I tried TikTok’s candlelight study challenge to see if it *actually* helped me write my diss
I’m down for trying anything at this point
It’s scarily close to the end of term and for me, like most final year students, that means only one thing: panic-attack inducing deadlines. The diss is looming, other essays are being ignored, and I’m coming close to an 100 per cent track record of cancelling plans. Despite heading to campus every day and almost coming into a fist fight over getting an actual seat in the library, my motivation is still flatlining.
Coming across the TikTok candlelight study challenge, I thought it may well be the answer. It’s basically where you light a candle and study until it extinguishes. No phones or distractions, harking back to the days of blackboards and hand-written assessments – think Kim K pilgrim core. If you can’t tell, desperation levels have hit intergalactic levels right now, so I’m pretty much down to try anything.
Deciding it would probably be safer to carry out this experiment at home rather on campus for fear of setting off the smoke alarms, and campus being evacuated, I decided to whip out a couple of our house’s IKEA’s finest candles – tenancy agreement be damned. Whilst setting up the scene it’s fair to say my housemates were a little confused, their first thoughts were that I was holding a seance rather than anything else – and yes, I spent the first half an hour of my candlelight study trying to unpack what that said about me.
6.45 – Setting up
Maybe I should have done it in my bedroom rather than the kitchen but my reasoning was as follows: firstly, it is much much warmer in our kitchen (and ambient temperature = productivity – just call me a woman in stem), and secondly, if I accidentally knocked over one of said candles, I would be infinitely closer to a water source. As a former woman in stem (GCSE Biology) I decided to have multiple candles from two different sources (IKEA and Accessorize – all the Christmas presents are debuting tonight) as a control group. Partly to ensure a fair test, but mainly because I’d forgotten how chonky the IKEA ones were and feared they wouldn’t burn out until the next series of Love Island starts.
As an English Lit student, romanticising anything is a natural impulse, so I was initially quite taken with the pretty scene in front of me. I was also officially christening my Ollie B candleholders my sister got me for Christmas, which is a win for me. Unfortunately, owing to the séance-esque atmosphere created, I spent about 20 minutes daydreaming rather than studying – but that’s not exactly unusual…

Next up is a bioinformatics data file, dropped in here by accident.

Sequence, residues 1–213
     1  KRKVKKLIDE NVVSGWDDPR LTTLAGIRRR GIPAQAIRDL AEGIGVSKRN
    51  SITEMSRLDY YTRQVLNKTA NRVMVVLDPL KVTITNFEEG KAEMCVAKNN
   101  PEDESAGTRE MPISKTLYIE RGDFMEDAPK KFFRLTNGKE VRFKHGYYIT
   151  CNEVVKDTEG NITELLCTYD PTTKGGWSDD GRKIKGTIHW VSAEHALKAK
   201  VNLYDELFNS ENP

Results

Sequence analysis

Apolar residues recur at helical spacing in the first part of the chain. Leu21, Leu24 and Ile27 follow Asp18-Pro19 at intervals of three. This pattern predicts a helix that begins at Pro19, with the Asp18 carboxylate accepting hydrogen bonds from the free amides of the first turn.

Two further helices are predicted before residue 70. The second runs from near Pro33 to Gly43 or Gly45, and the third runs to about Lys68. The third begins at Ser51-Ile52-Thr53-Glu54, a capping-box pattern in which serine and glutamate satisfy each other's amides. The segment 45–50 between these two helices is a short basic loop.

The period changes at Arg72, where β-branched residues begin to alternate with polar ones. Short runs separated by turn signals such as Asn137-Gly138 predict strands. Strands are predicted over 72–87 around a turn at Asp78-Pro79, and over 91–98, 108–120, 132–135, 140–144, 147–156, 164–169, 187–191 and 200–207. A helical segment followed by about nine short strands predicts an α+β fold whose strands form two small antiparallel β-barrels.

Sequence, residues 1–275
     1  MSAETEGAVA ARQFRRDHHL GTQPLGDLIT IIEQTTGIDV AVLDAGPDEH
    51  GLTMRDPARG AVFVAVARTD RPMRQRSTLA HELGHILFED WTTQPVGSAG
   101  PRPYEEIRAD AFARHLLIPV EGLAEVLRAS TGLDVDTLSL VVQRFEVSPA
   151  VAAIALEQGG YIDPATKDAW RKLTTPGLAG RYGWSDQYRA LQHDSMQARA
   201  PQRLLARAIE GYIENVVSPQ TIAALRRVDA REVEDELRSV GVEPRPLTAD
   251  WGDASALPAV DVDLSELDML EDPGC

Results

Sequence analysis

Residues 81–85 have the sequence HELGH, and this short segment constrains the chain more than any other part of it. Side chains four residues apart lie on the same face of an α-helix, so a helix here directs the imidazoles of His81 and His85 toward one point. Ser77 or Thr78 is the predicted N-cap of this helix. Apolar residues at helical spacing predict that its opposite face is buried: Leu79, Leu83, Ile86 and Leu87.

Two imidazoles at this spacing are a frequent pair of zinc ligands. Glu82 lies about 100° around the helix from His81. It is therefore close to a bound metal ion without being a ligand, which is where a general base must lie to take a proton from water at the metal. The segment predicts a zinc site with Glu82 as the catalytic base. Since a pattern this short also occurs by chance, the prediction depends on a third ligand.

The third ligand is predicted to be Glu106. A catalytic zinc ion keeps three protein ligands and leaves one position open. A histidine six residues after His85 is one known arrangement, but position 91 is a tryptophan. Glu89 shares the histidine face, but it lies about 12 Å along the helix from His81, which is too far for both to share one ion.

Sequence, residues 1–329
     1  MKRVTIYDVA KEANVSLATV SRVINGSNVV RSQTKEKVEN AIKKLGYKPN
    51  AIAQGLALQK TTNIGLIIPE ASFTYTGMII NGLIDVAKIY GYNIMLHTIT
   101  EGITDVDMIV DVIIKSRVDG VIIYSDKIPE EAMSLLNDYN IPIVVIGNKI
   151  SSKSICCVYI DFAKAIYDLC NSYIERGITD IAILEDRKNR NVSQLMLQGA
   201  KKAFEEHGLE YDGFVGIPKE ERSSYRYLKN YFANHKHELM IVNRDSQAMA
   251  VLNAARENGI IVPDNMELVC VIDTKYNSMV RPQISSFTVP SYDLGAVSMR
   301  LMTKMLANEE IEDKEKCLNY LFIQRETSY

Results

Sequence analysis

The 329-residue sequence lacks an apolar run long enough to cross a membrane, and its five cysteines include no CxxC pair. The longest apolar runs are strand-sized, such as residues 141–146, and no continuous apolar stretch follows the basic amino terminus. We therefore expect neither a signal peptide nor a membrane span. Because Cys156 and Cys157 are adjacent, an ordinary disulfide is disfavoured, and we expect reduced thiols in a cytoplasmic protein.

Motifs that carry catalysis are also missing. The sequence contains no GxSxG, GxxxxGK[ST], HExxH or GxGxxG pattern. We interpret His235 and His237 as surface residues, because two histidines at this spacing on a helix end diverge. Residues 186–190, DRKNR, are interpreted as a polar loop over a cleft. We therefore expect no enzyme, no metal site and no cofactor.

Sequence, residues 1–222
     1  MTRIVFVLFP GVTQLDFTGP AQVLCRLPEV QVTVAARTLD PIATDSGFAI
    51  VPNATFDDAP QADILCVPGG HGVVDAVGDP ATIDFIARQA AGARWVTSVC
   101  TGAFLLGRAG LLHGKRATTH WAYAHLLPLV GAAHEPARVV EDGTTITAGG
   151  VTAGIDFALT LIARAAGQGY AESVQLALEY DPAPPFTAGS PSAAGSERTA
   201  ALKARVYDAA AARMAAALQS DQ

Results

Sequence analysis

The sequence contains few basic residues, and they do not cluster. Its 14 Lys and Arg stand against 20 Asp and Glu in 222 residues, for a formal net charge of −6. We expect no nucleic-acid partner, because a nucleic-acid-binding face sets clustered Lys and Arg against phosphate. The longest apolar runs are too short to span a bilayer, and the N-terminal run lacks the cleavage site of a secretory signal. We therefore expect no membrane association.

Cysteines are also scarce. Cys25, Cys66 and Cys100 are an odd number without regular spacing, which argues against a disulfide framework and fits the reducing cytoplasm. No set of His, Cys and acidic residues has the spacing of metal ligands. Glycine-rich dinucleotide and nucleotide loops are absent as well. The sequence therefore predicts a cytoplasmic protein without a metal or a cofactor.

All devices are on Do Not Disturb mode – I would have thoroughly recommended this had BeReal not gone off during and I missed it. Realising I probably shouldn’t have picked the kitchen at peak dinner time, I use the distraction of my chef housemate whipping up a stir fry as a challenge to knuckle down and study harder.
*Googles how long the average burn time is for a candle.* (PSA: It’s about eight hours).
Stare at candles burning and decide that it’s actually quite meditative. Wonder if this could be made into some kind of wellness programme or retreat. Subsequently wondering if I should have done a business degree instead. Google if it’s too late to switch degrees (yes).
I’ve been working quite productively but quickly realise this is because I have been watching RuPaul’s Drag Race – but it counts as dissertation work I remind myself plus I’m making notes as I go (yes, I am writing part of my dissertation on Drag Race – would thoroughly recommend).
The hair has slowly fallen into a depressed low bun, my coat is on as it is freezing (despite the candles), and tears have been shed (although that may have partly been caused by Drag Race). My long-suffering housemate walks in to find me staring at my screen with a glazed-over dead-behind-the-eyes look she hasn’t seen since the Wine Soc event which my liver and dignity still haven’t entirely recovered from.
My housemate has returned to make a cup of tea before going to bed and asks how it’s going. In response I happily hold up the unburnt candle and hold it up against the burning candle to show her how much it’s gone down. Looking back at the photos I realise it’s not gone down as much as I had thought, but at the time it felt massive.
The candle is nearly out, the amount of work completed is about average – or maybe slightly under, and I think the best thing to come out of it was the time spent admiring my kitchen.
Overall, it was an interesting experience – I’m not convinced it’s the saviour of productivity (although at this point I think only caffeine is), but it’s definitely a good strategy to help you be intensely focused for a three hour burst. I’d say its success probably comes down to the kind of person you are – if you’re someone who gets easily distracted and goes on random tangents of thought (*guiltily raises hand*), it’s probably not a great idea to be adding in elements of fire, pretty aesthetics, and a challenge into your studying routine. However, if you need a bit of structure using the candle method may be a good way to eliminate distraction and give you a time-frame to keep within. Oh, and whatever you do – don’t try this in the library.
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